Co-reflection in online learning: Collaborative critical thinking as narrative
|Co-reflection in online learning: Collaborative critical thinking as narrative|
|Published in||International Journal of Computer-Supported Collaborative Learning|
|Keyword(s)||Affective domain, Co-construction of knowledge, Co-reflection, Collaborative learning, Distance learning, Higher education, Narrative analysis, Reflection, Wiki|
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Co-reflection in online learning: Collaborative critical thinking as narrative is a 2006 journal article written in English by Yukawa J. and published in International Journal of Computer-Supported Collaborative Learning.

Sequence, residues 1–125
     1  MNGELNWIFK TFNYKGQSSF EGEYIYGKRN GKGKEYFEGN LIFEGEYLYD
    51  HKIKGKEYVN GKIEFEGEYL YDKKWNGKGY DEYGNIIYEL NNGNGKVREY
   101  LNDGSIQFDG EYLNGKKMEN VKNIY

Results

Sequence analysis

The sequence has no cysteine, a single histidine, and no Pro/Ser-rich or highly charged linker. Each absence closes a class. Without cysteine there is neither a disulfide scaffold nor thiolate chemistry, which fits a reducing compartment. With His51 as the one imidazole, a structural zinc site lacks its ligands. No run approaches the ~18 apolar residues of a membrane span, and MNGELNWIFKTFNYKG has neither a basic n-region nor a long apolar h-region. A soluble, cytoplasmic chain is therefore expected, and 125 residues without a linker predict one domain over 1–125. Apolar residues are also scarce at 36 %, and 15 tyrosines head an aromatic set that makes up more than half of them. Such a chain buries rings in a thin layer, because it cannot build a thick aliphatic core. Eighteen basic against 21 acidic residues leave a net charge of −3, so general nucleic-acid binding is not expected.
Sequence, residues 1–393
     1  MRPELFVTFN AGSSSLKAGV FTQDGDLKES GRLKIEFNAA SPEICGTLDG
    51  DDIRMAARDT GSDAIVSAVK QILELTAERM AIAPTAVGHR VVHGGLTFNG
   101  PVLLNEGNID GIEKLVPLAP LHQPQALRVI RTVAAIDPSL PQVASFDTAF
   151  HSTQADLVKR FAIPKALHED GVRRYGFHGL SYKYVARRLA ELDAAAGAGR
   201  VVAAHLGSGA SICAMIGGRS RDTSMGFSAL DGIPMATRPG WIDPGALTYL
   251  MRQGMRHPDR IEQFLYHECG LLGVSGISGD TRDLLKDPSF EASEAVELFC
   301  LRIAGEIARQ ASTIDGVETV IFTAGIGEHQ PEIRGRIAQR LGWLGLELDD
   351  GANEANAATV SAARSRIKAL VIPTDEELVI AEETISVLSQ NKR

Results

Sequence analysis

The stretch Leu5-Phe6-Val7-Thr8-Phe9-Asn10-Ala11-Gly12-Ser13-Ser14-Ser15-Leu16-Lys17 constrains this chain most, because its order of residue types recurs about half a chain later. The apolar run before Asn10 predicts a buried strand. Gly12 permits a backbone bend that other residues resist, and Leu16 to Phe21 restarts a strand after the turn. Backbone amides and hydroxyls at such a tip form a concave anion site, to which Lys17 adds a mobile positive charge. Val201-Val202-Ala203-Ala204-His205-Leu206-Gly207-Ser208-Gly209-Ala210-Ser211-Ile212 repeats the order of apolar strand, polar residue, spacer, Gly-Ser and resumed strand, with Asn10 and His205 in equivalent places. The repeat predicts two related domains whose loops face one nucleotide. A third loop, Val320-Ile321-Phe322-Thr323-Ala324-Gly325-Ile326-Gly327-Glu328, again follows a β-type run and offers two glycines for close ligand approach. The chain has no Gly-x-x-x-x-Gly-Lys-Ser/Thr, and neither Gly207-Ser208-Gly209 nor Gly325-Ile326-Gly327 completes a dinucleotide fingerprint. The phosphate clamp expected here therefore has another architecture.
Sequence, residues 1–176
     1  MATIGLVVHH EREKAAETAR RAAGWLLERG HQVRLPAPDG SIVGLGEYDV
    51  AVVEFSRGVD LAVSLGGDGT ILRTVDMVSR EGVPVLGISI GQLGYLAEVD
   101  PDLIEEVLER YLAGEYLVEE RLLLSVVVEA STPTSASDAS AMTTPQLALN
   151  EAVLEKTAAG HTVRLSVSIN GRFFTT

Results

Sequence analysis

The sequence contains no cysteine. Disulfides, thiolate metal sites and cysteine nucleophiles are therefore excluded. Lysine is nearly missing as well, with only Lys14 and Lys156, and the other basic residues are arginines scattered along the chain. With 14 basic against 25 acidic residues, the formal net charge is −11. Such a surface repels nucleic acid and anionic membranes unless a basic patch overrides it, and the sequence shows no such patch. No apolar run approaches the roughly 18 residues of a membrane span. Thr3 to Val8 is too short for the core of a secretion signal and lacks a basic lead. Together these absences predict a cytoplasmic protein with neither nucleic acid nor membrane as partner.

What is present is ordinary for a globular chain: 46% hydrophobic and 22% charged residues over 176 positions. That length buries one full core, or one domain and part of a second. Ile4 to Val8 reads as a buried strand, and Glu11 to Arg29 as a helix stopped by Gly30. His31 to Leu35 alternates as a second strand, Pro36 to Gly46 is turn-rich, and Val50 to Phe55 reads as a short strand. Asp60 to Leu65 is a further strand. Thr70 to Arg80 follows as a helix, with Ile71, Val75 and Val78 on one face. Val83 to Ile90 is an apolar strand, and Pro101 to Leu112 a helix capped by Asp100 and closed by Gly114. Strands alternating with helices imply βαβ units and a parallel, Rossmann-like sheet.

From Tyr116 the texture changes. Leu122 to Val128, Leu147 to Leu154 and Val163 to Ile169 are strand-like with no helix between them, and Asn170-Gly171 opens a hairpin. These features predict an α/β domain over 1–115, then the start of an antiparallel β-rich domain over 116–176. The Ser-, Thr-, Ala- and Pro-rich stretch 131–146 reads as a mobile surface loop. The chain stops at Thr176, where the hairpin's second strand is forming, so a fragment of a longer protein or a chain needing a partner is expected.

This article presents findings from a comparative case study of the learning experiences of two graduate students in an online action research course. The key roles played by reflection and co-reflection, an emerging concept, are identified through the use of narrative analysis. Co-reflection is a collaborative critical thinking process mediated by language, broadly construed to include all meaningful signs. Two types of co-reflection are proposed: tacit and active. Regardless of type, the evidence shows that co-reflection involves cognitive and affective interactions in synergy with relationship building. To the study of group cognition, this study contributes evidence of the potential of co-reflection as a core process. The simple, flexible software tools used in the course (wiki-style collaborative software and simple email and chat programs) effectively supported inquiry learning and co-reflection by allowing learners to freely and easily create their own web pages and to adapt the tools for their different communication and learning styles.
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